Sunday, May 25, 2014

'pon the playlist

There's something a little worrying about the report in The Observer which watches a Radio One playlist meeting. Can you spot it, I wonder?

A snatch of each song blares through speakers before Ergatoudis lists the artist's YouTube views, Soundcloud hits, Shazam ratings, Twitter followers and Facebook likes. "[Indie foursome] Wolf Alice's Moaning Lisa Smile video has had 15,000 views on YouTube and they've got 11,000 followers on Twitter," Ergatoudis tells the room. "James, you want to go first?"
There's a lot of this - records being weighed on how many Twitter followers the band has; the number of times a YouTube video has been played by man or machine; and so on.

A snatch of music, a bellyful of statistics. Surely that's the wrong way round? Surely Radio One should be playlisting music based on the track itself, rather than because it's already popular elsewhere? If YouTube views are the new chart, then this is like the playlist meeting in 1993 choosing records based on what Bruno Brookes had read out on the Top 40 the previous Saturday.

The Observer's Nadia Khomami asks Radio One's George Ergatoudis about this point:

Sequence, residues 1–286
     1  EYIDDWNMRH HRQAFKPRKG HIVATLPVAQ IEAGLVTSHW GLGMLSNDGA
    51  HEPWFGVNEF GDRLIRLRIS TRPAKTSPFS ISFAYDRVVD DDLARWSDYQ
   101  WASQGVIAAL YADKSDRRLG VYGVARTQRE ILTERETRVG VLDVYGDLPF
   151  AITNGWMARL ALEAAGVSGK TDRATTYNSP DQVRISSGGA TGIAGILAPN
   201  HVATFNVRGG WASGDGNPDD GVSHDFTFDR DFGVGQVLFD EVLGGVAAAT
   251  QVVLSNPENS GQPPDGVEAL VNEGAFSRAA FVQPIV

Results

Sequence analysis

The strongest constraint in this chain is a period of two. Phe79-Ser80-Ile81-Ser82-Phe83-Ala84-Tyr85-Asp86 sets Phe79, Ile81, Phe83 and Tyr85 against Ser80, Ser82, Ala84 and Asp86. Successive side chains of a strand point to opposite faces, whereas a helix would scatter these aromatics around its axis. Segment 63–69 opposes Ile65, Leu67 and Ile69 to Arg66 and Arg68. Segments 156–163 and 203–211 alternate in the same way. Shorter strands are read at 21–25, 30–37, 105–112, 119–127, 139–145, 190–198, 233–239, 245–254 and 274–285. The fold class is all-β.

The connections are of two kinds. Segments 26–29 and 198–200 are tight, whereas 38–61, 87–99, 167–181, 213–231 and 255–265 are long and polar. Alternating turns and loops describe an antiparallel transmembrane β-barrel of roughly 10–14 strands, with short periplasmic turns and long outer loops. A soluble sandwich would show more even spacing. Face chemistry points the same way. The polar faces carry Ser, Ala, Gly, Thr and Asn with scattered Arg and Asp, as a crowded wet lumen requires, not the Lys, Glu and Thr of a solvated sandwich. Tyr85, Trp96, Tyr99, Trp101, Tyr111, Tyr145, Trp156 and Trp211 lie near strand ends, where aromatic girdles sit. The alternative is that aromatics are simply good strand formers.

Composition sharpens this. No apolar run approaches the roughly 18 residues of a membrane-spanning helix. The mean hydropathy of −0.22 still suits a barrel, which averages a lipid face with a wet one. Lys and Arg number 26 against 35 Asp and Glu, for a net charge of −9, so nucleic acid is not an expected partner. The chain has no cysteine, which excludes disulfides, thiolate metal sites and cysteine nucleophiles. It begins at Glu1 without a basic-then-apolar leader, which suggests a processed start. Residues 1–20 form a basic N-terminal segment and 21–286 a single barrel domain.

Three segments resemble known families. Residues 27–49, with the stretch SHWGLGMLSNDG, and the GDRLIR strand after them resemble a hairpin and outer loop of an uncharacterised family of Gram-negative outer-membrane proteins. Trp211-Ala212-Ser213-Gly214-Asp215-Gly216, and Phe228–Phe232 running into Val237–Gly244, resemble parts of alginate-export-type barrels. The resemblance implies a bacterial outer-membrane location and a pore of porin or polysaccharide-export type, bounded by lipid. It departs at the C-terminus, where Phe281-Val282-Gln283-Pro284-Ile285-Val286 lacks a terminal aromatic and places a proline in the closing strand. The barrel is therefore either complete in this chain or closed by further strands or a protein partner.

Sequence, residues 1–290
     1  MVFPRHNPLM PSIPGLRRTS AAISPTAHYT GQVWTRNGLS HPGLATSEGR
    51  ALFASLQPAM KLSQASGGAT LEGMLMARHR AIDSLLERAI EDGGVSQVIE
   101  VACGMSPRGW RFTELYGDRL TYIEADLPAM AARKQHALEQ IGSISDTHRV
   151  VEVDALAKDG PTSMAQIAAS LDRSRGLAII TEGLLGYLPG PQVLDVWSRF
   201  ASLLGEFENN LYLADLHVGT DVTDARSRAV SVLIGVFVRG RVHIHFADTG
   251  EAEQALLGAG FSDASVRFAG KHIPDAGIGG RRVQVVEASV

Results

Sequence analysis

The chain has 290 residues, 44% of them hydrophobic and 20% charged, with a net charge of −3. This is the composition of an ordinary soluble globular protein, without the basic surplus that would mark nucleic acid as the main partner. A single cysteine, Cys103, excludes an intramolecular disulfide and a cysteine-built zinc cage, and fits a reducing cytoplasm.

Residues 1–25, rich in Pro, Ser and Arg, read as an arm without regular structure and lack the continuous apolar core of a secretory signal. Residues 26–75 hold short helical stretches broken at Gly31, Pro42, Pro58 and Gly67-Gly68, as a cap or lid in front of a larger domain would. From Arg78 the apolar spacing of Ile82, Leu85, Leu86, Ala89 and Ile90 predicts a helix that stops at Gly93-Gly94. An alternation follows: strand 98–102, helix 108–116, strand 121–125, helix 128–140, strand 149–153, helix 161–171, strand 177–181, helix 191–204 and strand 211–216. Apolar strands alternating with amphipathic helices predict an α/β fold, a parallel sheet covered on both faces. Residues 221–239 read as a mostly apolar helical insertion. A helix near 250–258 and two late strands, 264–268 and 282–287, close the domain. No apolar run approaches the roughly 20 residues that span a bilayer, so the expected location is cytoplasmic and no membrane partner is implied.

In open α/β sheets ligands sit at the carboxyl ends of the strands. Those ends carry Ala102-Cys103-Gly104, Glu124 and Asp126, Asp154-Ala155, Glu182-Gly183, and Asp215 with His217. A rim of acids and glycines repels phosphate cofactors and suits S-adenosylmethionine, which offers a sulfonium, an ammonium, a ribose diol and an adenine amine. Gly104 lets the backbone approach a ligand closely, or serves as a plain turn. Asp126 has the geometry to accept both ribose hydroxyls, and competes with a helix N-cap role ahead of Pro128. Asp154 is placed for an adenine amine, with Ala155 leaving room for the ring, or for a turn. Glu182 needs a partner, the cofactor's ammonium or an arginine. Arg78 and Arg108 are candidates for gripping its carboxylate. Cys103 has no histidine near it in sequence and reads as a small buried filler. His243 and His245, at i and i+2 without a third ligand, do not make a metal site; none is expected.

It's faintly depressing to hear bands referred to as "brands" with their worth determined by online data. Stats is business talk. It isn't creative, it isn't art, it's box-ticking. It's playing people the kind of music that they're already listening to. Harding says, though, that there are exceptions to this rule. "There have been moments where we've been tempted to completely go against data. Clean Bandit have had the biggest single of the year so far and we booked them for a live lounge in January last year, purely on the basis that we had a feeling they were doing something special. They didn't have very much in terms of stats. And it took a year of us playing a sequence of singles for people to jump on to them - a lot of people think Rather Be was their first single but actually it was their fourth that we playlisted on Radio 1."
That this is an exception, rather than a rule, is something of a problem. Because if Radio One is basically deciding what to play using a 'what's already popular' formula, you might wonder why its target audience would bother tuning in.

"Hey, kids, listen to the radio - we've got all the songs you liked a fortnight ago, right here."

It's not the most exciting proposition, is it?

"Radio One: In YouTube's statistical integrity we trust."

Isn't Radio One's job to build the talent, rather than count the numbers?


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